02. Bozboz: Events and exhibition space
Bozboz is an independent digital and design agency based in Brighton, UK. Founded in 2007, its designers are passionate about music and culture. So as an adjunct to its client work the company has launched its own creative space, where it hosts exhibitions from top talent in the contemporary art world.
“When we searching for a new agency building, we actively sought out interesting and creative spaces that were inspirational and evocative to be in,” explains Bozboz’s Kitty Hennessy.
“The space lends itself so well to alternative uses: exhibitions, launches, private parties. And it means our clients can take advantage of it too.
“Mike Hollingbery, our founder, already had an extensive private collection of contemporary and urban art and it felt like an awesome fit. Clients and staff alike walk through the gallery to get to the main agency premises, so it's almost a visual intro to what Bozboz is all about.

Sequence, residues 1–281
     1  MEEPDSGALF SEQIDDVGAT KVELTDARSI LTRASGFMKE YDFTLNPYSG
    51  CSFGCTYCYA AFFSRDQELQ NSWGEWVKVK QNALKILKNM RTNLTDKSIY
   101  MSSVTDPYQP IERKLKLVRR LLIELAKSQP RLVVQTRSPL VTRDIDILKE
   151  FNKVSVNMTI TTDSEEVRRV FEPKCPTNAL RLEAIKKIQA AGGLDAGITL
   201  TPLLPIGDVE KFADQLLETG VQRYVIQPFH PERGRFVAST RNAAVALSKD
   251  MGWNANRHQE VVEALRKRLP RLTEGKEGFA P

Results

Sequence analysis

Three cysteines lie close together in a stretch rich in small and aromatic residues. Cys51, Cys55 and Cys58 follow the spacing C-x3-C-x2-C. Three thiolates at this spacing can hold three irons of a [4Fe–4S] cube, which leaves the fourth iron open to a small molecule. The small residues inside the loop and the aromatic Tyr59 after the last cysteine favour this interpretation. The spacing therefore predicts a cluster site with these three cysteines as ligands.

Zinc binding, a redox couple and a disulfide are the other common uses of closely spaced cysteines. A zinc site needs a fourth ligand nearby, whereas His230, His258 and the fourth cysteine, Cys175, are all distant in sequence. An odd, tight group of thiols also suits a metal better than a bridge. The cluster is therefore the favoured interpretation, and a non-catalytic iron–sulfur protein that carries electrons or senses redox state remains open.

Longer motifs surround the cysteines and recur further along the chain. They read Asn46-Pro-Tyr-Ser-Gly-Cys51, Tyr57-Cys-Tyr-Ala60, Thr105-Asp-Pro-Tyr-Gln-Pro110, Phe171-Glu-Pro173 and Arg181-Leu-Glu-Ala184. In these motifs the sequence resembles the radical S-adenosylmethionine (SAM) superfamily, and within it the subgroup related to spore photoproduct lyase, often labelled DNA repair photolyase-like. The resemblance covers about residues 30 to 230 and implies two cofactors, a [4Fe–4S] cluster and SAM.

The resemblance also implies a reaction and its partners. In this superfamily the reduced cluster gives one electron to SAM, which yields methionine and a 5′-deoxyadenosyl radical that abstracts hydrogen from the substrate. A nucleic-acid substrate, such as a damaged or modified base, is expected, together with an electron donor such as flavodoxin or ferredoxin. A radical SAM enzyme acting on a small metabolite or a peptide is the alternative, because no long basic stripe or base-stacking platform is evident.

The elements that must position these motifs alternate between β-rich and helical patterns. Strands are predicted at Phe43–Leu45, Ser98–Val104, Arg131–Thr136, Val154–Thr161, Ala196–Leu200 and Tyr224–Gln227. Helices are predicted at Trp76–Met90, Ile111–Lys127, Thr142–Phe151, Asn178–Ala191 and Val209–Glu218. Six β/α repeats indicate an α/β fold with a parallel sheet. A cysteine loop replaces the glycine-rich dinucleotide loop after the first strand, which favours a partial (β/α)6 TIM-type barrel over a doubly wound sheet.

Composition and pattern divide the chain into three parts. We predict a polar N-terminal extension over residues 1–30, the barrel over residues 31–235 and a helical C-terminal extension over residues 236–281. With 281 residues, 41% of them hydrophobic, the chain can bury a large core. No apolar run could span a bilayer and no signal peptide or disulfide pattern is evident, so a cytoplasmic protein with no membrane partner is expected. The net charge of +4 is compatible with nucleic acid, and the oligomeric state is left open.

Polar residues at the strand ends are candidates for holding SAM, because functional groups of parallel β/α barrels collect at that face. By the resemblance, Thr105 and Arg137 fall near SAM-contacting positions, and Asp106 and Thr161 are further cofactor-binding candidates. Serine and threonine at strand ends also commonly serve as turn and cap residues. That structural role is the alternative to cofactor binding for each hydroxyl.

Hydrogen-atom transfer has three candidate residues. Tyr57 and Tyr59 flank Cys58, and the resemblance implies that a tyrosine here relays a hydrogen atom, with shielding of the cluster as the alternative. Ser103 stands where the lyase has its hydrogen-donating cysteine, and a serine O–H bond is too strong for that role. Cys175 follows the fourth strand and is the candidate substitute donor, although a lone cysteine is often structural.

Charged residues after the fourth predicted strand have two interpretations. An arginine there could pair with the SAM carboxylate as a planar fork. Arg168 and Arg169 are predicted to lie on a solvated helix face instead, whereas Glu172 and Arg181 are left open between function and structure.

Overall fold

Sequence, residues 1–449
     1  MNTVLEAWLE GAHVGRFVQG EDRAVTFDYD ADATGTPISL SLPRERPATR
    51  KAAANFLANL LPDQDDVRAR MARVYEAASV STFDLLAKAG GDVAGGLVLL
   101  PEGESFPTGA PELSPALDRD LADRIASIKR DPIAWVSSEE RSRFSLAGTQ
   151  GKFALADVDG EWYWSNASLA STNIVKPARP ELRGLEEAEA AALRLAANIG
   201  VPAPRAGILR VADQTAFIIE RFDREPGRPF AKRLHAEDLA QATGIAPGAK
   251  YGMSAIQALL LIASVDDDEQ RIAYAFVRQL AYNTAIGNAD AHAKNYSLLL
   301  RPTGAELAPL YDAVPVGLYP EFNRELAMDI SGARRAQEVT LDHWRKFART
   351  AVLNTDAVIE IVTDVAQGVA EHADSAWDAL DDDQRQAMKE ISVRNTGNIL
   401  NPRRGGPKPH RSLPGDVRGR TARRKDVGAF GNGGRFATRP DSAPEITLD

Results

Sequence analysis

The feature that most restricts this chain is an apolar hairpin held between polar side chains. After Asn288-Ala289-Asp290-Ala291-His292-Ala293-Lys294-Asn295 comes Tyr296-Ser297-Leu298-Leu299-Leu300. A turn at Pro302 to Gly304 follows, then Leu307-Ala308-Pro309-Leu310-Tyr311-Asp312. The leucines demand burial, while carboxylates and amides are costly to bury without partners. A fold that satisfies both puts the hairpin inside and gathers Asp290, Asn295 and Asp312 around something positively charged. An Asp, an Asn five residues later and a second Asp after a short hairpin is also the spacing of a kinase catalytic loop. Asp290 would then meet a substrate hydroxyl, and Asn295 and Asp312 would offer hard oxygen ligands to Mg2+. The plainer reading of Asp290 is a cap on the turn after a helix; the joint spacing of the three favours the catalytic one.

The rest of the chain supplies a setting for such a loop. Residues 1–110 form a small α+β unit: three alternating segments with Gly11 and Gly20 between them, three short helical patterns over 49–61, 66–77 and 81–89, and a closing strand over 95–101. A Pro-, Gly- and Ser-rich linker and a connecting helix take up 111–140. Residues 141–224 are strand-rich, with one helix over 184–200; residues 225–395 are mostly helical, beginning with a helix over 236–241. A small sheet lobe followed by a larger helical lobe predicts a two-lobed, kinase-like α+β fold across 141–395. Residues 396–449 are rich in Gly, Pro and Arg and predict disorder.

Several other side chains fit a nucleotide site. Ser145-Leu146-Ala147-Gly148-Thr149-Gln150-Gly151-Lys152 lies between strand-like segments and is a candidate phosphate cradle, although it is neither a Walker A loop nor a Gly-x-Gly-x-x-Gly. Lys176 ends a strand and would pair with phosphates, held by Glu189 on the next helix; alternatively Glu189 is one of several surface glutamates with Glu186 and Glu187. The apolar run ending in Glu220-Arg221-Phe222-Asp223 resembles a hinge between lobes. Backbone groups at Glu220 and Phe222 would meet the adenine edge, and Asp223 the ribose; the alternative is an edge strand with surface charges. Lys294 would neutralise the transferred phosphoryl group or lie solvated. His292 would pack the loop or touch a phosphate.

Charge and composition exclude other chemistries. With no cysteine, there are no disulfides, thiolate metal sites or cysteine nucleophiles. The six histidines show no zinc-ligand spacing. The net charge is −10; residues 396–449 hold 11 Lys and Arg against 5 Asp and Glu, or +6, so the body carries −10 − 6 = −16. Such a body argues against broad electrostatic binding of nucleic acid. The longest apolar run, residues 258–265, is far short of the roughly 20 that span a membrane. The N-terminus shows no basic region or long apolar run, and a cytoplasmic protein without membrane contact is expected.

"Recently the space has been home to Mal-One and Mau Mau, as well as Chelone Wolf, Richard Martin and Stephen Bunting, who featured in the Nu:Blood show.”
“In terms of working together, the creative space is very much a separate entity and we host independent exhibitions that are not directly connected to Bozboz,” she explains.
“But we try very hard to only show work that upholds our values and creativity. In a society where work life and play often collide, and no-one ever really switches off, we're proud to have turned that into a pretty major plus.”
03. Carter Wong: Bespoke designer notebooks